And, while the PMU is administratively beneath the Ministry of Interior, there is concern that this arrangement may give way, particularly if political ambition on the part of certain militia commanders leads to splits with the government. Carnegie Middle East Center fellow Renad Mansour noted the strategies Abadi has incorporated to assert government control over the PMU in a November 2015 analysis,[vii] but government authority over all of the PMU is far from set in stone.

Underlying these political issues are sectarian and ethnic divides that contribute to an atmosphere of mistrust. The Islamic State has always been a sectarian actor, targeting Shia in particular in an effort to provoke a wider sectarian war. The PMU has been accused of “horrific, sometimes wide-scale abuses” against Sunni-majority cities by organizations such as Human Rights Watch.[viii] Tribal feuds among Sunnis that supported the Islamic State, as well as those that did not, have resulted in reprisals after the expulsion of the terror group.[ix]

These delicate topics will ultimately contribute to deciding Iraq’s future. Military cohesion alone will not solve the issues, but its lack is sure to exasperate them further and provoke mistrust between the parties. More specific to the fight against Islamic State, a breakdown in cooperation – at Mosul or elsewhere – will hinder efforts to dislodge the group and address the grievances that compel some to join or support it.

Despite being dealt a heavy blow from the U.S. troop surge and Sunni tribal uprising in 2007, Islamic State (then Islamic State of Iraq or ISI) was able to survive by going underground: conducting assassinations of opponents, bombing security forces, and carrying out prison breaks. In a recent piece for The CTC Sentinel, Michael Knights and Alex Mello  noted how the group took advantage of sectarian schisms in Diyala province to continue its insurgency after being defeated in Anbar.[x] Sectarian and ethnic divisions plagued the response to ISI then, limiting the effectiveness of counterterrorism efforts and alienating potential allies.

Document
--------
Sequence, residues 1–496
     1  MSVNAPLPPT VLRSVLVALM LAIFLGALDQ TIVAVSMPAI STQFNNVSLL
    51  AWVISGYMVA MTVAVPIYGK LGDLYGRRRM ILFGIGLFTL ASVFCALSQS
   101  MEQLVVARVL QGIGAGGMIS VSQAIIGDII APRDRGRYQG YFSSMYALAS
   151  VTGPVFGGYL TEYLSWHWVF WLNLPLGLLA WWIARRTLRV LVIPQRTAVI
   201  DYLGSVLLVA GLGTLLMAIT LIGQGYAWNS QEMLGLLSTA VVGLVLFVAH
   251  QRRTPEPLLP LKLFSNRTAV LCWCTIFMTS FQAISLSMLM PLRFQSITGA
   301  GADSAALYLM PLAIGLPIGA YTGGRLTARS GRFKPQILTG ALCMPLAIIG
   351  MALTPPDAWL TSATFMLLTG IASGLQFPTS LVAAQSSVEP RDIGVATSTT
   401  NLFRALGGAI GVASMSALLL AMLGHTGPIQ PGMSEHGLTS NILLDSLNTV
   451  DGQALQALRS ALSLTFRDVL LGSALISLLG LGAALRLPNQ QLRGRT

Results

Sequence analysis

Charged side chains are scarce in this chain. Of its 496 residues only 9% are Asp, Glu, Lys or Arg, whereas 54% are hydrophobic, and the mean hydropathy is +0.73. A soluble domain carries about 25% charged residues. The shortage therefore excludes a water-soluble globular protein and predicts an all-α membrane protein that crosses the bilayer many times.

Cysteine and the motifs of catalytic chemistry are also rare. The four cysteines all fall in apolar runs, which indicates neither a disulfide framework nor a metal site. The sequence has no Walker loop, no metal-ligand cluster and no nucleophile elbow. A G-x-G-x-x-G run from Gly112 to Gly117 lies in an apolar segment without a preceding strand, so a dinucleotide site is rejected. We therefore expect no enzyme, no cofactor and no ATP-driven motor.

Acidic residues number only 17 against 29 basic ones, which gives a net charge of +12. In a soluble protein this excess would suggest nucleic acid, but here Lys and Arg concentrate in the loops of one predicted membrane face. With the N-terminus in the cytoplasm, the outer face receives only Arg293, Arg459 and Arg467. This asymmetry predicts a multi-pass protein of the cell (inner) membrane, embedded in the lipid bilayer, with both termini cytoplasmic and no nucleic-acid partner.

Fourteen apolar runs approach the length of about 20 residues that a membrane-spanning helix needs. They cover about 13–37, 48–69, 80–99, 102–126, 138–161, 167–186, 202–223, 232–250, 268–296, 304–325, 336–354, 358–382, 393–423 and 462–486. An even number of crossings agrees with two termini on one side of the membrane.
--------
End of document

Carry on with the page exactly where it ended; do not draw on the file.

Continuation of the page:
The Islamic State aims to recreate those circumstances to better its chances of survival and hasten a return of its territorial conquest. Though certain to lose Mosul, the terror group and its supporters continue to insist that “complete victory is coming.”[xi] Preventing this will require a combined effort from all of Iraq. Mosul’s results will serve not just as a key indicator of Iraqi forces’ commitment to fighting I.S., but of their commitment to each other and to their country.

The Forecast International International Military Markets series examines the military capabilities, equipment requirements, and force structures inventories of 140 countries, with corresponding coverage of the political and economic trends shaping the defense market outlook for individual countries and regions.

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[i] Thomas Joscelyn, “Islamic State launches defensive suicide bombings around Mosul,” The Long War Journal, October 17, 2016.

[ii] Ahmed Rasheed and Maher Chmaytelli, “Iraqi army declares first major victory over Islamic State in Ramadi,” Reuters, December 27, 2015.

[iii] Hassan Hassan, “The dangers of a protracted battle to retake Mosul,” The National, October 23, 2016.

[iv] Mewan Dolamari, “IS sneaked into Kirkuk through Peshmerga, Shia militia gap: Source,” Kurdistan24, October 22, 2016.–shia-militia-gap–source

[v] Mohammed Tawfeeq and Tim Hume, “Kurds and Shiite militias, uneasy allies in ISIS fight, clash in northern Iraq,” CNN, April 24, 2016.

[vi] Alex MacDonald, “Barzani: Iraqi Kurds to hold independence referendum,” Middle East Eye, February 3, 2016.

[vii] Renad Mansour, “From Militia to State Force: the Transformation of al-Hashd al-Shaabi,” Carnegie Middle East Center, November 16, 2015.

[viii] Human Rights Watch, “Iraq: Ban Abusive Militias from Mosul Operation,” July 31, 2016.

[ix] Ghazwan Hassan al-Jibouri, “As Extremists Withdraw in Salahaddin, Iraq’s Tribes Demand Justice,” Niqash, October 22, 2015.

[x] Michael Knights and Alex Mello, “Losing Mosul, Regenerating in Diyala: How the Islamic State Could Exploit Iraq’s Sectarian Tinderbox,” The CTC Sentinel 9, no. 10 (2016): 1.

[xi] Charlie Winter, “How the Islamic State Is Spinning the Mosul Battle,” The Atlantic, October 20, 2016.